Do football outcomes show stable relationships? To find out, I collected official team rankings before the last five FIFA World Cups, along with game outcomes. Outcomes between similar ranked teams (ranking difference less than 11) are compared to outcomes between disparate teams (ranking difference greater than 11) in the figure below.
The stronger (higher ranked) of similar ranked teams won 50%, drew 28% and lost 22% of games; for disparate teams the stronger team won 58%, drew 21% and lost 21% of games. Outcomes become marginally more predictable as the disparity between teams increases. However, it seems very difficult to accurately predict outcomes based on which teams were playing better before respective FIFA World Cups.
An argument can be made that using rankings does not take into account enough cues. In 2014 Goldman Sachs using a much larger pool of cues only managed to correctly predict 58% of knockout stage teams. Using the FIFA rankings before the 2014 FIFA World Cup would have predicted 64% of outcomes (the most predictable of the last five). Therefore using rankings seems an adequate metric.
How does this compare to predictions in civil engineering? Accepted norms are that building foundations are designed so that the annual probability of failure does not exceed 1%, but for large dams this figure is 0.01%. As the consequence of a large dam failing is much greater, the probability of this occurring must be lower. So engineers need to correctly predict 99% of building foundation outcomes and 99.99% of large dam outcomes.
Getting such low probabilities of failure takes considerable analysis. An important aspect of large dams constructed from earth is the stability of the earth embankment. A recent study showed that very experienced engineers could correctly predict the stability of a soil slope in 80% of cases without any calculations.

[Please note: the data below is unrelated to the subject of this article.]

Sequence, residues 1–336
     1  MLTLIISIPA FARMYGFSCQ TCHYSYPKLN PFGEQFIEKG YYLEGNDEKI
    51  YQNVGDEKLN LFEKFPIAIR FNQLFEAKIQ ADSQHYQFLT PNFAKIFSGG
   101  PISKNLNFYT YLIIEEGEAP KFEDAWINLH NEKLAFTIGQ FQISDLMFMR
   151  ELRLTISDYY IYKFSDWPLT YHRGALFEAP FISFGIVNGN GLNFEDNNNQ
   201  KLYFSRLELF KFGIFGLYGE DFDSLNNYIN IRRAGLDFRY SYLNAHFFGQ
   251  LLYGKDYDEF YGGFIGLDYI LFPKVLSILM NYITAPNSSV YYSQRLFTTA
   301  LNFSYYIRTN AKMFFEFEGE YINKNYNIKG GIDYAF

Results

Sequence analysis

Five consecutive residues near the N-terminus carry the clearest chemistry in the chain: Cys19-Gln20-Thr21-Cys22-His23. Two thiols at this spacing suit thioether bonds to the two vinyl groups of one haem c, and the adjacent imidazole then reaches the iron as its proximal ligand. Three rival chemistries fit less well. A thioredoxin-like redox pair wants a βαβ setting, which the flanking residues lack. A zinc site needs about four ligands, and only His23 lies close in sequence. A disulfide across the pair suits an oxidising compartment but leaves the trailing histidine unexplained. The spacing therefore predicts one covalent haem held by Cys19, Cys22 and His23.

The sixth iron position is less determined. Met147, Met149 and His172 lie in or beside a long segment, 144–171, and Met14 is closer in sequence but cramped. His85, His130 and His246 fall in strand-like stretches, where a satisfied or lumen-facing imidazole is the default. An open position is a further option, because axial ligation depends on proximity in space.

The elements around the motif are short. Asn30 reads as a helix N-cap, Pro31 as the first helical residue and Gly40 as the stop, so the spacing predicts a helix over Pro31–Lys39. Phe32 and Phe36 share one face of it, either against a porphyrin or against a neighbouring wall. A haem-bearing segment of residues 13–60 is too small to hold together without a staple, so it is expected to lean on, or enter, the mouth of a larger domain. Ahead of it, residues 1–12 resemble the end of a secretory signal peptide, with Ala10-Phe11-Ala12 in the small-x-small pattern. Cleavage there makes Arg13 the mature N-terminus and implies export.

Less experienced engineers were only successful in 66% of cases and untrained students were successful in 49%. Students could increase their success rate to 64% after a training exercise.
But although fairly good predictions could be made purely on gut instinct, prudent engineers should not base designs purely on intuition. Even in engineering where there is sufficient regularity in the behaviour of structures, it is difficult to fully internalise the patterns presented between cues and outcomes. The ability to internalise patterns in sports outcomes is likely to be even harder.
Trust expert predictions?
So can we trust expert predictions of football outcomes? Perhaps, but football is very variable and placing too much faith in expert predictions may be unwise. With this disclaimer in place, a civil engineer’s prediction of outcomes will be made for the upcoming 2018 FIFA World Cup.
Using 20 000 simulations of the upcoming FIFA World Cup, based on the current FIFA rankings, the top 16 teams that could win are shown below along with the percentage of simulations won by each. Germany seem a better bet than Tunisia but remember the statistics show a large amount of variability.
So pick a team you think will win, hope they sing their national anthem with passion, enjoy following their games and don’t be too disappointed when they lose. An analytical assessment of the results suggests this is the most intuitive approach.